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October 18, 1979 - Image 2

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Publication:
The Michigan Daily, 1979-10-18

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Page 2-Thursday, October 18, 1979-The Michigan Daily
A,2
A consumer group

TREASURY SECRETARY, VOLCKER, ISSUE WARNING
Miller: cut spending

tries to bea
By T HI CY YAGLE
A group of Ann Arbor consumers,
convinced that inf ition is here to stay,
have formed an organization they hope
will soften the blow on helpless wallets.
The Southeast Michigan Consumer
Alliance (SEMCA) is a group of more
than 50 people who "are fed up with
high prices." In response they are of-
fering Ann Arbor citizens discount
prices at area businesses, according to
one of the organization's founders Bart
Loeb.
THE BUSINESSES associated with
SEMCA agree to'offer 20 to 50 per cent
discounts to anyone carrying the club's
yellow and black membership card,
Loeb said. Cards are now available at
all area Pizza Bob's shops for $6. Mem-
bers also pay $1.83 in monthly dues.
The group was formed 10 months ago,
Loeb said, and was modeled after a
similar group in Minnesota.
SEMCA currently has nearly 1,500
members in this area, and will soon
open a branch office in Jackson. Ann
Arbor's branch is located at 100 S.
Forest.

t inflation
"WE DON'T charge the (member)
stores anything," Loeb said.
"Businesses love it because it increases
volume and they can afford to offer
discounts."
About 25 per cent of the group's
members are college students and the
rest are young businesspersons, Loeb
said. He added the group particularly
wants college students to join because
they can get the discounts as well as at-
tract other students and customers.
There are more than 80 area
businesses now associated with SEM-
CA, including such student favorites as
Tech Hifi on William St. and Bell's
Greek Pizza at 700 Packard St.
LOEB ADDED that he thinks "the
group will be a model for other groups
in the country." We hope to make this
the best, most complete consumer net-
work anywhere. Everybody goes crazy
when they first hear about SEMCA
because they can't believe it. They
think that there is a catch to it, but
there's not," Loeb explained.

WASHINGTON (AP) - Americans
face a reduction in their living standar-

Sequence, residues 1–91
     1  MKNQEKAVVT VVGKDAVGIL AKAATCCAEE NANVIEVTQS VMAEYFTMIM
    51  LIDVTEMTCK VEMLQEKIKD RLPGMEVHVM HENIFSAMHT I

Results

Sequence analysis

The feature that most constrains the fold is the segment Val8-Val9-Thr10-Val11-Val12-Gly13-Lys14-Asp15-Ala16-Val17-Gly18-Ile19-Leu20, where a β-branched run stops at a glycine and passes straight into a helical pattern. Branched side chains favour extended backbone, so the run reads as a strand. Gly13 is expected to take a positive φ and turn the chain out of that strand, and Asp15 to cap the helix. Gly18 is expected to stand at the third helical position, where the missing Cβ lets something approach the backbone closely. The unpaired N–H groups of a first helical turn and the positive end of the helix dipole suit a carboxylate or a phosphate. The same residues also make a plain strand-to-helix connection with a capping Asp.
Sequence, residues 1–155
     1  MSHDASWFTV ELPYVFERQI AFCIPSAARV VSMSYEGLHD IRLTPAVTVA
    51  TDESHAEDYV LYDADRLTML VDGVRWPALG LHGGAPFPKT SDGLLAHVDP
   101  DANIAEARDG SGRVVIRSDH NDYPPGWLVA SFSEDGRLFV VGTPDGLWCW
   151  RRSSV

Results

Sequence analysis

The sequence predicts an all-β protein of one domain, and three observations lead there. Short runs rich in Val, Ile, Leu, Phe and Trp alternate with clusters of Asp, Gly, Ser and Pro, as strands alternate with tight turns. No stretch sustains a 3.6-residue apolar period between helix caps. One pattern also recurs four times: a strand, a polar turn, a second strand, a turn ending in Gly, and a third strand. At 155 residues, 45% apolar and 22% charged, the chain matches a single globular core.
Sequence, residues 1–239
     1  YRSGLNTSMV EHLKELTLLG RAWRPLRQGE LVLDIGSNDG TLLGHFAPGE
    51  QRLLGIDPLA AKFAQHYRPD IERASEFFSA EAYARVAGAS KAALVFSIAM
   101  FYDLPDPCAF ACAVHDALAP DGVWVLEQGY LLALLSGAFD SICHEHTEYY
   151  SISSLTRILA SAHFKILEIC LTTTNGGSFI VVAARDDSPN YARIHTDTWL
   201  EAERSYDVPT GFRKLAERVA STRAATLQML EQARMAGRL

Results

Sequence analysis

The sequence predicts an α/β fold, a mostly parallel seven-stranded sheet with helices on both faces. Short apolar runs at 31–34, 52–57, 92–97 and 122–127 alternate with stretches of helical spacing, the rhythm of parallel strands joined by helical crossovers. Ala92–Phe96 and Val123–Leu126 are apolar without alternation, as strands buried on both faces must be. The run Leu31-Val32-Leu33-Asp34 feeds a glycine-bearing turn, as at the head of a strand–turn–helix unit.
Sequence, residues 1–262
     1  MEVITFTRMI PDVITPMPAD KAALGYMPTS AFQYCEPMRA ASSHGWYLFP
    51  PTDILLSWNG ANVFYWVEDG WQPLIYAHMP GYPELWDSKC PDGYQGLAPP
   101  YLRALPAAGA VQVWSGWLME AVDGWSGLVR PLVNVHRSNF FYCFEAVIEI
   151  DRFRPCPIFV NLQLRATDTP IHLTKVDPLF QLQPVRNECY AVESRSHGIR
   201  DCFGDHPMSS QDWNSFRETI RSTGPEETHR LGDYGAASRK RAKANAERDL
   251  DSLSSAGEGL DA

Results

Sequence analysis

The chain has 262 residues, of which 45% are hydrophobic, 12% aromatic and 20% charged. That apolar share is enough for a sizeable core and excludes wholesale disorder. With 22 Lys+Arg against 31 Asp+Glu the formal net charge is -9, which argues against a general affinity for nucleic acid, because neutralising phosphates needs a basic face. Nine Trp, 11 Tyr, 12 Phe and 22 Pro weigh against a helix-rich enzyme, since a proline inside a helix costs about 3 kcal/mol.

ds if inflation is to be brought under
control, the chairman of the Federal
Reserve Board said yesterday.
"The standard of living of the
average American has to decline,"
Paul Volcker told the Joint Economic
Committee of Congress. "I don't think
you can escape that."
VOLCKER SA)ID Americans must
accept less because they are producing
less with the same amount of effort as
before, while the nation is losing
billions of dollars of its wealth each
year to oil-producing nations.
"If we fail to recognize that, and
people try to catch up with the existing
standard of living, or try to increase
their standard of living . . . up goes the

price level some more," he said.
Volcker said his best outlook for in-
flation this year is to reduce the annual
rate of price increase below 10 per cent
by the end of 1979, down from the
current 13 per cent annual rate of in-
flation.
ON ANOTHER front, Charles Schult-
ze, chairman of President Carter's
Council of Economic Advisers, said the
administration would consider its
policies successful if inflation falls
below 10 per cent "in the not-too-distant
future."
Volcker and Treasury Secretary G.
William Miller appeared before the
congressional panel to explain recent
government actions to drive up interest
rates and to slow economic growth in
the fight against inflation.

American consumers are saving too
little and borrowing too much, Miller.
said. He also said he did not want to.
"foreclose the possibility" that the,
government might need to impose.
direct controls to limit consumer
credit. But Miller said he didn't think
this action will be necessary.
MILLER CONCEDED that the'